Graphing Our Similarities and Differences

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By Laura

On Tuesday, Wednesday and Friday this week we talked about hair color, hair texture and eye color at circle. Nick came to circle on Tuesday and Wednesday to tell the children about the similarities and differences within his family when it comes to physical characteristics. Including the three different shades of skin color in his family–chocolate, sweet cream and caramel.

On Tuesday I had the children group themselves based on the various physical features. It was a little chaotic and I’m not sure that everyone understood what we were doing.

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On Wednesday and Friday I decided to add another step to help the children visually understand what we were doing. After the children self-selected their group for eye color, hair texture or hair color we totaled up each group and graphed the numbers using pattern blocks. On Wednesday, I made sure to explain to the children that these graph were not about which group “wins” or “gets the most votes” because we typically use a bar graph like this when we vote for a read-aloud book. It was simply to see the variety of physical characteristics in our group–the ways that we are all similar and different from each other.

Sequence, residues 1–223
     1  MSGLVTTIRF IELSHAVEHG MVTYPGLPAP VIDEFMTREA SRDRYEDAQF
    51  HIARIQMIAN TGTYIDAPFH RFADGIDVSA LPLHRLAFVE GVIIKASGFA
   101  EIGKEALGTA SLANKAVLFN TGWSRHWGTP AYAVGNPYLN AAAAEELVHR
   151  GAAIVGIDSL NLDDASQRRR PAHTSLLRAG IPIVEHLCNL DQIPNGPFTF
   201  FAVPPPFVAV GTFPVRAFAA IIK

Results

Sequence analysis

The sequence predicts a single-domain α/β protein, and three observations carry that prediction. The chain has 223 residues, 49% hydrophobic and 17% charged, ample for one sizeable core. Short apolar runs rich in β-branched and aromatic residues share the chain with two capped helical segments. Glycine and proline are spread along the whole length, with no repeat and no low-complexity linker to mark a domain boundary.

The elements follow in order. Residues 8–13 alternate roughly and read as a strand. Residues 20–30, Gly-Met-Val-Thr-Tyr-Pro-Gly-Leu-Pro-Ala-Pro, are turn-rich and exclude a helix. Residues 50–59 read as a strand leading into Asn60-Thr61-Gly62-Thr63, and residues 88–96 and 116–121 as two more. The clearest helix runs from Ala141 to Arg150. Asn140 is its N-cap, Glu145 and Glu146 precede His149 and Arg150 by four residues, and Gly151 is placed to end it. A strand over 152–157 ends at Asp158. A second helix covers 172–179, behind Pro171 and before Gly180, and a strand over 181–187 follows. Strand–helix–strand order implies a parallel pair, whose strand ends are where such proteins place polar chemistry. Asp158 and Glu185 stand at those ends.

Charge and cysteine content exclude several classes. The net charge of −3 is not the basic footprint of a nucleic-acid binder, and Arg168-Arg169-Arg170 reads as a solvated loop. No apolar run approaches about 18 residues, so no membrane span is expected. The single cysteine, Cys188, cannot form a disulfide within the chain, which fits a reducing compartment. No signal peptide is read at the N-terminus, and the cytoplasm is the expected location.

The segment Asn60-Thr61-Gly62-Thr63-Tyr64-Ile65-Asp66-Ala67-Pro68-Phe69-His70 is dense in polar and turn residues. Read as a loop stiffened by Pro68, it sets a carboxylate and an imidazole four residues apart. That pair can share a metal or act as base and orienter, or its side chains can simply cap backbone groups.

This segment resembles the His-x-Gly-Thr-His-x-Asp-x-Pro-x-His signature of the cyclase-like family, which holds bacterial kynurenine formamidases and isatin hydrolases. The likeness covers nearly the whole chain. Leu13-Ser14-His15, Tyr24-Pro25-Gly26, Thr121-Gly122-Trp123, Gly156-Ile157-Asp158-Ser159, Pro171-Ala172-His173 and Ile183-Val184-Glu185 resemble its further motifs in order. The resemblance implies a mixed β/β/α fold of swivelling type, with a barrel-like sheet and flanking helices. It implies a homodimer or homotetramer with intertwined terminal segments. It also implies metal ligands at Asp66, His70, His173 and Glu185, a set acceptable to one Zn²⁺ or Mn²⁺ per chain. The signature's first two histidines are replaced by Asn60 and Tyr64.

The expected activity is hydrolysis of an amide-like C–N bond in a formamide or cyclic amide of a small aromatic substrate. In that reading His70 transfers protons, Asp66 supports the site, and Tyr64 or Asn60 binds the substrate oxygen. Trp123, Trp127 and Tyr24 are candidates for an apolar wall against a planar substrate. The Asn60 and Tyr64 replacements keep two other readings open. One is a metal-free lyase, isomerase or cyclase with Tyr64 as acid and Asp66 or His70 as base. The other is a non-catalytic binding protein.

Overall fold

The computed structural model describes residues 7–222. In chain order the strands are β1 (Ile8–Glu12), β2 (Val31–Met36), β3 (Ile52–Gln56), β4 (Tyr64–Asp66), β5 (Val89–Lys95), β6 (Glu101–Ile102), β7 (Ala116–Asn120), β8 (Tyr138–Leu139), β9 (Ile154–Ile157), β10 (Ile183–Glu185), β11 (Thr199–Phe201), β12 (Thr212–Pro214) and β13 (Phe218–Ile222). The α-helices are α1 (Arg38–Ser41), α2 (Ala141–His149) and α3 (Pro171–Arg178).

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On Friday, when we made similar graphs, OR (our only child with strawberry blonde hair on Wednesdays and Fridays) was quick to remind everyone, “It’s not about who wins.”

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This work is only an introduction to talking about similarities and differences. However, similar to our work mixing skin color paints, it serves to open up the conversation about physical characteristics that children may already have started to believe to be taboo. Simultaneously, of course, we were also working together to figure out how to visually display numerical data so it could be compared and understood. Anti-bias education does not have to be distinct or separate from other learning areas. During these circles we used math and logical reasoning as one avenue to explore our identities as individuals and as a group. Similarly two small groups this week used art and color theory to construct their particular skin color. The anti-bias work doesn’t take away from our time with “academic subjects” rather it makes learning the skills and concepts of those subjects all the more relevant to the children’s lives. After all, the data or subject of study is the children themselves and their interactions with others in the world.

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